Years ago, I loathed potlucks. As a former Manhattanite, I had dined at my fair share of upscale restaurants, thanks to a foodie boyfriend. Having traveled and lived overseas, I’d enjoyed lots of authentic if not exotic cuisine. At some point, I decided that if I were to eat a meal out (in a restaurant or at a gathering), it needed to distinguish itself. A bad meal was a blemish on the day, an awful meal a crime. At a minimum, a mediocre meal was a lost opportunity for a good meal. My palate, although lacking a Ph.D., was educated and discerning enough to be a bit of a snob.
I pooh-poohed communal-style meals, thinking they were second rate, or just the lazy person’s version of a dinner party. What if people brought food I didn’t like or was poorly prepared? What if everyone brought the same thing? I shuddered at the prospect of dinners consisting only of store-bought macaroni salad, drowning in gloppy mayo, with jello for dessert, and at the thought of the people who loved these foods. To avoid an-all macaroni meal, some organizers assign dishes alphabetically, e.g. A-G bring appetizers, H-K salad, L-Q main courses, R-Z drinks and desserts, etc. But what if a person whose last name begins with “T” makes amazing appetizers? Then, if they follow the rule, they might purchase a less than delightful dessert. Multiply that across a group and it might not the best outcome for the taste buds, or the soul, even if the distribution of food is “correct.”
Dinner parties present different conundrums. What to make? Whom to invite? Seating arrangements? I haven’t attended many in my life, or hosted them either. If one reads enough New York Times articles about this topic, one could get the impression that these gatherings, especially in elite circles, are ticking stress bombs. Imaginative food and wine must be served and, in exchange, the carefully selected guests agree to contribute witty and erudite comments sans social gaffes. There are rhythms and protocols. Although highly scripted, the ritual must feel seamless, flowing from cocktails to dinner to coffee and dessert. It’s more performance art than the breaking of bread. If, like me, you were not blessed with the gift of gab, a dinner party might be a nightmare, even with stupendous victuals.
In my spiritual practice, I’m learning to appreciate instead of evaluate, to savor rather than compare. It’s easy to ruin a perfectly good supper by calling up the ghosts of meals past, those tastier/loftier experiences that set an impossible standard. Last night I attended a large potluck, hosted by a creative spirit. The e-mailed instructions were simple: bring anything we wanted, it would all work out. It was a statement of faith that might have freaked me out years ago, when I had a strong bias for detailed planning over spontaneity. As people arrived, the part of my brain that analyzes (like an old software program running in the background), surveyed the à la carte spread: two guests brought hummus and chips, a handful made salads, and two of us fancied the sesame cucumber noodles from Whole Foods. Others contributed crudites, a cold spicy shrimp soup, quinoa salad, an artichoke pasta dish, plus many more. The self-appointed dessert bearers offered homemade chocolate cake, a fruit crumble, plus cookies, mini cinnamon rolls and macaroons. The beverages were similarly diverse. There were even leftovers, suggesting that no one went hungry.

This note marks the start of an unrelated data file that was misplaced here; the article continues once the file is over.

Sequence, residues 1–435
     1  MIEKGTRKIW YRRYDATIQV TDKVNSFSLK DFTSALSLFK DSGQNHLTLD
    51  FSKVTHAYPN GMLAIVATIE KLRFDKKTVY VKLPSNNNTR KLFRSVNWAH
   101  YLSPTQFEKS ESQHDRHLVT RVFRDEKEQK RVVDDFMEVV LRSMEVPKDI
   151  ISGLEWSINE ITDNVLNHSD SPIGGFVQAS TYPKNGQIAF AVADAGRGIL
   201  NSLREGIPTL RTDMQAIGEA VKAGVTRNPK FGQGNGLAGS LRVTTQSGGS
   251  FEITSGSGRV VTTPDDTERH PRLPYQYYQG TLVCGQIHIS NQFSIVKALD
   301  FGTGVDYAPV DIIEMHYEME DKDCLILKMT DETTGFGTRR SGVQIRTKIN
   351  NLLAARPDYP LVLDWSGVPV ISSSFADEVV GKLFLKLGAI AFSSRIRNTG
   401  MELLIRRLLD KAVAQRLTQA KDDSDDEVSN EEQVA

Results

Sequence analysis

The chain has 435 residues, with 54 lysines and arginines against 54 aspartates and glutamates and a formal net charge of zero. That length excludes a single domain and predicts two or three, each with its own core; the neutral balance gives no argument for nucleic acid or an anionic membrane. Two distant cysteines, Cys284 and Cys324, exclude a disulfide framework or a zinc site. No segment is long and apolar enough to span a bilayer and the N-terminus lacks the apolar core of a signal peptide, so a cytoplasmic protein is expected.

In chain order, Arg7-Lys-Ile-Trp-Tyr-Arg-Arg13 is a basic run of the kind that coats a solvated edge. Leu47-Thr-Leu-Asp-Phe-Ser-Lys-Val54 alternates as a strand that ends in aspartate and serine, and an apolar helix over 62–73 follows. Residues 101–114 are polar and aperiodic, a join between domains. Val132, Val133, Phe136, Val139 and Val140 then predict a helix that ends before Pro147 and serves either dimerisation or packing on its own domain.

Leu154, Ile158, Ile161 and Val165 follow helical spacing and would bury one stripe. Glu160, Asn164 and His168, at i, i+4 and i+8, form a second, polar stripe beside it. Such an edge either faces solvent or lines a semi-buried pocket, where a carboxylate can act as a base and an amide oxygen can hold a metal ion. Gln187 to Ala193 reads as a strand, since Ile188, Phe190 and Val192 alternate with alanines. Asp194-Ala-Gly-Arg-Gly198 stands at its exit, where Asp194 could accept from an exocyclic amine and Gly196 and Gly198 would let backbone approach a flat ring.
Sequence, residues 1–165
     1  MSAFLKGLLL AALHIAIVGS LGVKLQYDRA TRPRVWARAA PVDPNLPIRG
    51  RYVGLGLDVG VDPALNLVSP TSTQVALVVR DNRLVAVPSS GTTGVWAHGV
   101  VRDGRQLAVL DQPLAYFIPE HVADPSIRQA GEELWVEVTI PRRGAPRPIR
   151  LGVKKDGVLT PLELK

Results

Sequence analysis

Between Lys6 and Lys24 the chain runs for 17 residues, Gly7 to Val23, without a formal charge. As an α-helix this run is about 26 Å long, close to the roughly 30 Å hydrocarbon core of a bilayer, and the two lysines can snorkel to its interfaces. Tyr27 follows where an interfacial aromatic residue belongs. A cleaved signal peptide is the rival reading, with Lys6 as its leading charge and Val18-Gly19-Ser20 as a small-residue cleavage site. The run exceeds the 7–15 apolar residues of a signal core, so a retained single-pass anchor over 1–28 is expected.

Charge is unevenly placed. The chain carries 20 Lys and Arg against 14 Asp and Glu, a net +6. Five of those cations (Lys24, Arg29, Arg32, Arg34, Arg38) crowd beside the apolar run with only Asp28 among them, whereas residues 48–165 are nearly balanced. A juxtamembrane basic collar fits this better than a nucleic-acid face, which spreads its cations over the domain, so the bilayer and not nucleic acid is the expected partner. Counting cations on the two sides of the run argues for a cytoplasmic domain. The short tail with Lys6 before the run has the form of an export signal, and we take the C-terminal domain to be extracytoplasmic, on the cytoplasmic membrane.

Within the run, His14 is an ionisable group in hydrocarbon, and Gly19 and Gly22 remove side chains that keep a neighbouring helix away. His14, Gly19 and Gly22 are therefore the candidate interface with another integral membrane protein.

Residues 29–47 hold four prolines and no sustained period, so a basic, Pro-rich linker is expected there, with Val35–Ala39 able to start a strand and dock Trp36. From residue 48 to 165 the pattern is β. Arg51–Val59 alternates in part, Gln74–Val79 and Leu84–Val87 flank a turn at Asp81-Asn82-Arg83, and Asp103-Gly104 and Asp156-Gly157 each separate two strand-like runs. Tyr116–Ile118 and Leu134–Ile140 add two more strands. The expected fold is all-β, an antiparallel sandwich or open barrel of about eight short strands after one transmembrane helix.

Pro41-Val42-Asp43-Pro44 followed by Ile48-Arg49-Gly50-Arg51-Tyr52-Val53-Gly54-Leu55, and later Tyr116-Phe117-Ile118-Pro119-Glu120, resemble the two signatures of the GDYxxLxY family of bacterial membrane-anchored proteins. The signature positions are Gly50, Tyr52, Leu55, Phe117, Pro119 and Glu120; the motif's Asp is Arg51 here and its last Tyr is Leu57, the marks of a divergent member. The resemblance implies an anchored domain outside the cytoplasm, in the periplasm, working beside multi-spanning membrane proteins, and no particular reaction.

It’s hard to imagine that if a person had flexed her organizational muscles around this event that she would have achieved a better result (however defined) with an equally low amount of stress for all. Maybe if, in the rest of my life, I can keep trusting the luck in potluck, meaning to keep doing things but without overdoing them, appreciative of what others bring to the table, I’ll become a carrot stick closer to enlightenment. Perhaps one day I’ll even stop judging jello, and those who eat it.